Premium audio firm Bang and Olufsen has announced plans to become a global leader in sustainable product development, claiming the “consumer tech industry is not sustainable” in its current state.
Bang and Olufsen Senior Global Product Manager for Classics and Product Circularity, Mads Kogsgaard Hansen made the claim at a press briefing attended by Trusted Reviews.
“The consumer tech industry is not long-term sustainable. The tools and parts being used aren’t and there’s lots of waste. This is a huge problem. We want to reverse that trend. There are other ways to create these products” he said.
Hansen’s comments came just after he revealed the firm’s Beosound Level wireless speaker had become the “first consumer speaker” to receive the Cradle to Cradle Bronze sustainability accreditation.
This is an accreditation run by the Cradle to Cradle Products Innovation Institute designed to help companies produce environmentally friendly products. It factors everything from the components and materials used to the supply chain’s carbon footprint.
The move saw the firm use a modular design for the Level that, according to B&O, makes it easy to upgrade or replace broken parts and recycle. It adds to the firm’s previous commitment to only use FSC certified wood – a certification designed to ensure all wood used is sustainably sourced.
Hansen said the firm chose to partner with the institute as part of a wider strategy to establish B&O as a “global sustainability leader” in the consumer technology industry.
“[With] Cradle to Cradle we want to take a step ahead and show [there is another] way. The Cradle to Cradle principle and decision to go in this direction was informed by heart and brain. The principles just feel right. It overlaps with who we are today and who we want to be in the future,” he said.
Hansen added the decision was made for fiscal as well as ethical concerns, with consumers increasingly caring about the environmental impact of the products they buy.
“But it’s not just about feeling good, it’s a business decision to help us stay future fit and continue to be relevant to future audiences,” he said.
The move will reportedly see Bang & Olufsen work to further improve its products sustainability using the various Cradle to Cradle standards.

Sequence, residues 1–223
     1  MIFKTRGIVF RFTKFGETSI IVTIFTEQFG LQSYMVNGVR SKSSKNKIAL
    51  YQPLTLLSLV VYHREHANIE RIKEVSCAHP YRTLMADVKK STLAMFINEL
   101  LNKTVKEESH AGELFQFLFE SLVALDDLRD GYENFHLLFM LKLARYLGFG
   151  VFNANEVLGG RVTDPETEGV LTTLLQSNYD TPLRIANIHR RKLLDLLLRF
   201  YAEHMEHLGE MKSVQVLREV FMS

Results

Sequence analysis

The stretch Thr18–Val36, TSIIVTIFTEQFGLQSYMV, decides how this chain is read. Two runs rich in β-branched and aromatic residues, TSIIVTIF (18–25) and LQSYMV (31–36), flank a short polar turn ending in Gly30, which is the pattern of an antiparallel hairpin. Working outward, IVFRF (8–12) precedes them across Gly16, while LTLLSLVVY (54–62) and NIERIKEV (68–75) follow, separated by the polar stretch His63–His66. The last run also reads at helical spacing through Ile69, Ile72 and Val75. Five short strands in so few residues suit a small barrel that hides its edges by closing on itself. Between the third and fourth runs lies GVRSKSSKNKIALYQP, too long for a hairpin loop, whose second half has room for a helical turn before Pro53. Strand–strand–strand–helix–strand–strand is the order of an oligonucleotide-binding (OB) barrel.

“Credibility is at the heart of what we do here […] making sure we’re audited by a third party expert let’s us show and [buyers] know we’re getting the impact we intend. We also want to communicate our progress and road toward innovating. We need to do that in a credible way, we don’t want to wait until we’re perfect, we’re not there yet. We want to do it step by step to show our journey,” he said.
“This will not be the only certified speaker, we’re looking at how we can integrate these principles into other speakers, to do more of this. We can’t do it all at once, we want to start and work in a structured way. It’s about a longer term innovation opportunity. We want to use these principles for innovation management. We believe as long as we can improve we’re not done. With this framework there is a very specific path for us to follow”.
There are currently multiple Cradle to Cradle design standards, starting with Bronze and rising to Platinum. The institute running the system claims no product has successfully achieved the top Platinum standard.
Cradle to Cradle Products Innovation Institute VP Strategy & Development Christina Raab told Trusted Reviews the firm would need to take several steps more if it wanted any of its products to achieve the silver standard, but added Bang and Olufsen is still ahead of “most tech firms”.
“All categories [in the certification standard] would have to improve. [It would need to] further improve the use of safer alternatives – it would have to look at using more recycled materials, it would need to be made using more renewable energy in the supply chain. [It would require] going further into the supply chain and other stakeholders [practices],” she said.
When asked what categories the firm was planning to design to meet Cradle to Cradle standards Hansen was hazy with specific details, simply stating: “We are looking into how we can translate this way of thinking into smaller products.”